When I rolled up to the gate 30 minutes later, the sun was just coming up. I turned off the music I had blasting to keep me awake and took out my driver’s license. I made sure my hard-earned visitor’s pass was visible on the dashboard and dimmed my headlights.

“Goooooood morning!” the man said, signaling me to drive forward.

Men and women on base aren’t allowed to have caffeine while working, so I was not expecting such an excited greeting at 6 a.m.

“Good morning,” I said a little less enthusiastically.

“What are you doing here so early?” he asked while he verified my license.

“I’m here to pick up my boyfriend,” I said, to justify.

“Man, he better buy you a good breakfast,” he responded.

Too bad I had already bought him donuts and a chai latte –his favorites.

“That’s a little backwards, isn’t it?” he said.

“Yeah,” I said, laughing. “It is.”

He signaled me to drive through the gate and told me to have a good day. It was the first full day I got to spend with John in months, so I knew it would be.

John and I started dating two months before he knew he’d be leaving for boot camp. We certainly didn’t make the decision on a whim – we even wrote out a pros and cons list to reference. We knew we wouldn’t be able to see each other often as a long-distance military couple. If I want to see him, I have to travel to wherever he is. He won’t be able to take leave until summer 2017, almost a year after the start of our relationship.

For every month of service, military members earn two and a half days of leave, which begins adding up in boot camp. Leave is great, but it can’t make up for the weekends, birthdays, anniversaries, and small victories they miss while they’re gone –one of the sacrifices of a military relationship.

As I drove onto base, my heart began beating out of my chest. The day I had been waiting for since January was finally here. I got to see him for a whole 16 hours that day – more than I’d seen him, in total, on my last visit for his boot camp graduation.

After parking in the visitor lot, I made my way to the barracks he had shown me the day before. I stuck out even more than I thought I would in my jean shorts, tank top and UNC hat. Everyone else around me looked the same – from their uniforms to their glasses and haircuts.

When I opened the door to the barracks, I gave a polite smile and said a “good morning” to the man on duty, who John told me was named Dafun. On base, everyone goes by their last name. It wasn’t until I asked John his roommates’ first names that he realized he didn’t know them. John told me Dafun was taking his place while he was on weekend liberty. On our way out, John saluted him and I gave the biggest smile I could to thank him for his service.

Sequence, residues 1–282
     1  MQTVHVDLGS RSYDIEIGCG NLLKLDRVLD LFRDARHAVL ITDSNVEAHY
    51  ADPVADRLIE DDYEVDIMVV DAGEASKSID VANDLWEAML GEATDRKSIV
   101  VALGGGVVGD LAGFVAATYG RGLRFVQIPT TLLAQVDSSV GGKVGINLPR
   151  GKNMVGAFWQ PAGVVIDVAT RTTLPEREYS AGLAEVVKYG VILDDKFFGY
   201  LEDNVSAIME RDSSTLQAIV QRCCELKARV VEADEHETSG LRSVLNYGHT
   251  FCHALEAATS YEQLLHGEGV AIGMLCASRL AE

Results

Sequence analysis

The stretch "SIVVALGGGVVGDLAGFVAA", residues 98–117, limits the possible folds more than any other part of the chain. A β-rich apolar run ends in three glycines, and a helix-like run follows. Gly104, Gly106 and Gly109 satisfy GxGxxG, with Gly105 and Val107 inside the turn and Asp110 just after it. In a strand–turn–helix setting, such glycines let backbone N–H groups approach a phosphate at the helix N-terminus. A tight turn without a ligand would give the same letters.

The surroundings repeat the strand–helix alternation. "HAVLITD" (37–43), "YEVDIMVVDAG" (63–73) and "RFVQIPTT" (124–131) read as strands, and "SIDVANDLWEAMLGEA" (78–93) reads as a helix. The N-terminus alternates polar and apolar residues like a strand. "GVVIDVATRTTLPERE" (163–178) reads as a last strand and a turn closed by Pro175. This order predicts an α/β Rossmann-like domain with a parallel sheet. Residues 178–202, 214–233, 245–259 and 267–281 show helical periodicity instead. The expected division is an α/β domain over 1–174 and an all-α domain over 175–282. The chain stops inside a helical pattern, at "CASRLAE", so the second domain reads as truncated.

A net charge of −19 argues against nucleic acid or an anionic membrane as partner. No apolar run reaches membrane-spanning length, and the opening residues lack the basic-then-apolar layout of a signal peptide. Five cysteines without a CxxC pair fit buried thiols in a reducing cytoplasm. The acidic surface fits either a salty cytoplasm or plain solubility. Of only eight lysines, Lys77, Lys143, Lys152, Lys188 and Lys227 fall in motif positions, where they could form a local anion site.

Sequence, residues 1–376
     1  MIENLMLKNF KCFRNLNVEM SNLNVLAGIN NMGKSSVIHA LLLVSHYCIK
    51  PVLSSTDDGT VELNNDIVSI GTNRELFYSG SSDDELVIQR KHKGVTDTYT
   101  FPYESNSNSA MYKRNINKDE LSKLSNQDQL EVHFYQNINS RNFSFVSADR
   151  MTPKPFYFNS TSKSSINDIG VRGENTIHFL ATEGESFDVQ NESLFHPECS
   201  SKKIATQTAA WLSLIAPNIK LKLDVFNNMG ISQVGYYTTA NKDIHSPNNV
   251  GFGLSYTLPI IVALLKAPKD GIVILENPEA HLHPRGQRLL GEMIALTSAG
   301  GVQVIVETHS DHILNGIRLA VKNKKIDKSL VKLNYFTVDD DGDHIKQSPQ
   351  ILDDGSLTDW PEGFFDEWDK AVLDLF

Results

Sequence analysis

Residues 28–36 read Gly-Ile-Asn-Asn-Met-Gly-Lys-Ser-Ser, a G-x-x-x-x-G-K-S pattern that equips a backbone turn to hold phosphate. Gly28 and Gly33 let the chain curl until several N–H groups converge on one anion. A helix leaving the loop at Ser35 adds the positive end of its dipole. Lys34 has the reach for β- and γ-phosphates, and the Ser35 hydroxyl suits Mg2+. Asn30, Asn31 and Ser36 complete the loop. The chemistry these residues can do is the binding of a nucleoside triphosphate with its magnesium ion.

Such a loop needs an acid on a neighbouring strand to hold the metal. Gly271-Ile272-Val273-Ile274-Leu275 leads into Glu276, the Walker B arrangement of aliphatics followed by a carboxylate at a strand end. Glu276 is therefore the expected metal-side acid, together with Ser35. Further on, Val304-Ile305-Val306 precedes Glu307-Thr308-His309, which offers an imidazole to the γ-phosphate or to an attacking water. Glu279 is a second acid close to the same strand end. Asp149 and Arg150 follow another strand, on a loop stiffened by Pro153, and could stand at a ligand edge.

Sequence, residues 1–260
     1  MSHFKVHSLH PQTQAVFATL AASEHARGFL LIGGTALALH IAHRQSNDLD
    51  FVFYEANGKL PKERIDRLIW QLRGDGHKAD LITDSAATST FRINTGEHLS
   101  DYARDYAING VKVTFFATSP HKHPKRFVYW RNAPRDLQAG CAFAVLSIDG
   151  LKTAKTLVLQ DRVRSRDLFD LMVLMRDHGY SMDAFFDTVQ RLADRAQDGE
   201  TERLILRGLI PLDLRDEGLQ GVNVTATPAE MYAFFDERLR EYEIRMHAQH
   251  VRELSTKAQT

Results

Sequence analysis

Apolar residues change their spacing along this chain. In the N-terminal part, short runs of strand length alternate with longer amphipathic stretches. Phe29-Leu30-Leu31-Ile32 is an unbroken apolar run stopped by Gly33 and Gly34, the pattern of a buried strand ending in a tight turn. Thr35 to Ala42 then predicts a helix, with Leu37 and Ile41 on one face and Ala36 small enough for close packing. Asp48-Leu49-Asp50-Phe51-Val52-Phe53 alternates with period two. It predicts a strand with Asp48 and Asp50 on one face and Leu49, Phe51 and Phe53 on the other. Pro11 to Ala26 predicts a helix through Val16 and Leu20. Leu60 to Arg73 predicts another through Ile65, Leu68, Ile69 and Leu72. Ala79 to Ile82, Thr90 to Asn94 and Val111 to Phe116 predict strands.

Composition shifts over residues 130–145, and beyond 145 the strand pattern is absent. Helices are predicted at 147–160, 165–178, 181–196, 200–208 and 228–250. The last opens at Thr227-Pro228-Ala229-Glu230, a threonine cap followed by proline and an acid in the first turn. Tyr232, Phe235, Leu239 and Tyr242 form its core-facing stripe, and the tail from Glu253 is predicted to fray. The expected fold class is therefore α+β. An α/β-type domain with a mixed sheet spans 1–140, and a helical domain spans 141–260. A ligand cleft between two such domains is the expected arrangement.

We drove to a restaurant while John ate his donuts, where he did, in fact, buy me breakfast.

After breakfast we drove to the beach, where I planned to lay out all day and catch up on sleep, but John had other plans. Within five minutes of setting out his towel, he was running toward the water for a swim in the numbingly cold water, dog tags swinging to and fro around his neck.

“I hope he’s a good swimmer,” said a woman who was there with her family.

He was the only one in the water.

“He’s actually training to be an air rescue swimmer with the Navy,” I told her proudly.

“I guess he has to get used to this somehow,” she said.

My mind flashed back to when John and I watched the movie, “The Guardian” before he left for boot camp. The main character’s job was the same as John’s: an air rescue swimmer in the U.S. Navy.

When he came out of the water twenty minutes later, the woman thanked him for his service–something he said he hears whenever he’s around civilians.

Later that day at a beach bar, a man noticed my hat.

“You’ve got the wrong blue,” he said.

My boyfriend, another Duke fan, got a kick out of that.

It was like being home again before John had left for boot camp. Just like a regular afternoon out with him in Durham or Chapel Hill. I didn’t want it to end.

Day Three

On the last night, I drove John back to base for the third and final time of the trip. We sat in the car in silence. I drove with one hand on the steering wheel and the other hand in his. It was 11:30 p.m., and he had to wake up at 4 a.m. At one point I looked over and realized he was asleep.

Right before midnight, I dropped him off at the barracks. We hugged and he said a simple, “See ya.” Then he walked up the stairs to his room where I wasn’t allowed to follow.